Generous folk, like pandas, are widely celebrated. In computing, Linus Torvalds, the father of Linux, has achieved star status. Eric Raymond, whose chop socky Cathedral & The Bazaar explains his take on the open software movement, is widely regarded as one of the people who helped get companies like IBM to take open software seriously. There are a number of other unusually generous people in computing, including Tim Berners-Lee, developer of the World Wide Web concept, as well as Ted Nelson, who advocated the term "hypertext" and the related concepts that underlie links; they, too have various ideas about how software and ideas about software should be shared.
Richard Stallman, founder and leader of the Free Software Foundation's GNU Project, has arguably made the most compelling case, by words and deeds, for sharing software, and his concept is free software, which he adamantly distinguishes from open software.
Stallman is a hero of the community and, at least according to biographer Sam Williams, in some ways a tragic hero. Stallman's interesting and eminently logical ideas are so unusual that they defy characterization, but we live in a world that can't stand notions (or people) that resist classification. Stallman himself has, as ought to be the case in any tragedy, compounded the difficulties faced by those who seek to explain him or his work, by attempting to define and redefine his professional persona.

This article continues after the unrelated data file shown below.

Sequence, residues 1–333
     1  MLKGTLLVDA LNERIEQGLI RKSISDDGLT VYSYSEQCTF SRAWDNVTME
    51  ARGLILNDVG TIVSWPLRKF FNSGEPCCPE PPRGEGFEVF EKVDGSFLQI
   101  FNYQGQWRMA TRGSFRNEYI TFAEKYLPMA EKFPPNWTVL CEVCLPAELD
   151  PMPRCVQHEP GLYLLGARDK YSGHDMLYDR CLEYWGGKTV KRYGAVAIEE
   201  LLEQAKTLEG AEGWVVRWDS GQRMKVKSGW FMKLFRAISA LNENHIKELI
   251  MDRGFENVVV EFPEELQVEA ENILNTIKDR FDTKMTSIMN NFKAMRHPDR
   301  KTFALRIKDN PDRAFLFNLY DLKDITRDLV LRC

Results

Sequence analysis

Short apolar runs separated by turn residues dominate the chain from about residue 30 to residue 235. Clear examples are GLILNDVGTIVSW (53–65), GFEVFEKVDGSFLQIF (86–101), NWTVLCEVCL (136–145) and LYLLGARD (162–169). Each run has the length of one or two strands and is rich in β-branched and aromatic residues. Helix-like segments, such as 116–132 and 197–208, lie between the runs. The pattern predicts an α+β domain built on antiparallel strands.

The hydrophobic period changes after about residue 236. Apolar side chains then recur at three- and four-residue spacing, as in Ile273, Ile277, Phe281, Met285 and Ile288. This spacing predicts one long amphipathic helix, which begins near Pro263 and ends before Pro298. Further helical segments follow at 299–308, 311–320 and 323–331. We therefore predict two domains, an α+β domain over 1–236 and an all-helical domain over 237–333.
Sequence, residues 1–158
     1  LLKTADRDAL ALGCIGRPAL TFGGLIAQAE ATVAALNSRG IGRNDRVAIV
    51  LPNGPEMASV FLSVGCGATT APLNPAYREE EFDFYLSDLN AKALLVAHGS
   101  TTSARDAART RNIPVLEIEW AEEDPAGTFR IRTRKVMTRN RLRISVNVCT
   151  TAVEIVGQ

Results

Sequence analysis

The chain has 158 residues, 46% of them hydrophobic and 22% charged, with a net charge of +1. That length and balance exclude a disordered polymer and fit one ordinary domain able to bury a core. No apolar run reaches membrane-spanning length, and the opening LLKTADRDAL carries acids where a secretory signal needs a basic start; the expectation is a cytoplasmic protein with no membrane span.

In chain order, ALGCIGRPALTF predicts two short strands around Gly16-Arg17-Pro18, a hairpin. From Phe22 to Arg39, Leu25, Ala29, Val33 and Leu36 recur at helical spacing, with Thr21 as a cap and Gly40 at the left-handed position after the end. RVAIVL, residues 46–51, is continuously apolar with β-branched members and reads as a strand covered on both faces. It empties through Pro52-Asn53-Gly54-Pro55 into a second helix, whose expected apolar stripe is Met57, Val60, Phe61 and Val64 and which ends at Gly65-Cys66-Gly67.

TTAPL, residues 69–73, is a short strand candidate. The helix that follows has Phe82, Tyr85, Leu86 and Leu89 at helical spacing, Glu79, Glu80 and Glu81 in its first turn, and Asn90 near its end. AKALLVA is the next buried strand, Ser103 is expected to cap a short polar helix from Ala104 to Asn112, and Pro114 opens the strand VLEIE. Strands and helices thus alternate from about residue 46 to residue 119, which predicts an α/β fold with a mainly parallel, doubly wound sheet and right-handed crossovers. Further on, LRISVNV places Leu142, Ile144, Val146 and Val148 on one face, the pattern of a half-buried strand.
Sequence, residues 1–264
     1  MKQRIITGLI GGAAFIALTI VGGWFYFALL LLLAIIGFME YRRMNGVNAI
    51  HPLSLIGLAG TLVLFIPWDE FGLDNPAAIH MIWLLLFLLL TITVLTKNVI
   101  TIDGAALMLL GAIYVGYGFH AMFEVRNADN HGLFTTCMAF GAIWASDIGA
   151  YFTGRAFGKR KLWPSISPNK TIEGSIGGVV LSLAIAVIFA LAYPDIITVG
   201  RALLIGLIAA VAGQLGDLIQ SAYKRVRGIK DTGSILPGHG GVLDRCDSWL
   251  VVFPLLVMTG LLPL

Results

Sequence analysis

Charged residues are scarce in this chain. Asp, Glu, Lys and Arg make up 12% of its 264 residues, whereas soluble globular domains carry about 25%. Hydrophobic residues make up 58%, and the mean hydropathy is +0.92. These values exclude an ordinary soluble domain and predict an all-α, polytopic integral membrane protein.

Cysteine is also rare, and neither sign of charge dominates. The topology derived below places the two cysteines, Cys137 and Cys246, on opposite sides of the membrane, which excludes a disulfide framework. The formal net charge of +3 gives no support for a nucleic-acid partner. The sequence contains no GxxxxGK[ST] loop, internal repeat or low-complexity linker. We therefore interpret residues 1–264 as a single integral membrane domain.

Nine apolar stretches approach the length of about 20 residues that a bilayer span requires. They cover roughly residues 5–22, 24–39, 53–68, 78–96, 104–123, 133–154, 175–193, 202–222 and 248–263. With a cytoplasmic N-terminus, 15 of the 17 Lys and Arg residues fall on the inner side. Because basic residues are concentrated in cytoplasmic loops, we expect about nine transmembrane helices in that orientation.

One example of the confusion surrounding Stallman is the contention raised by Williams and others that Stallman might be suffering from what is called Asperger Syndrome, even though, by most definitions, that clinical diagnosis would exclude a genius.
If you want to define Stallman, or at least the Stallman seen by the outside world, the best approach might not be to say what you think he is but instead to say what he isn't. This technique worked for Michelangelo Buonarroti, who saw David in a block of marble and chipped away the stone that blocked our view. We might want to do the same.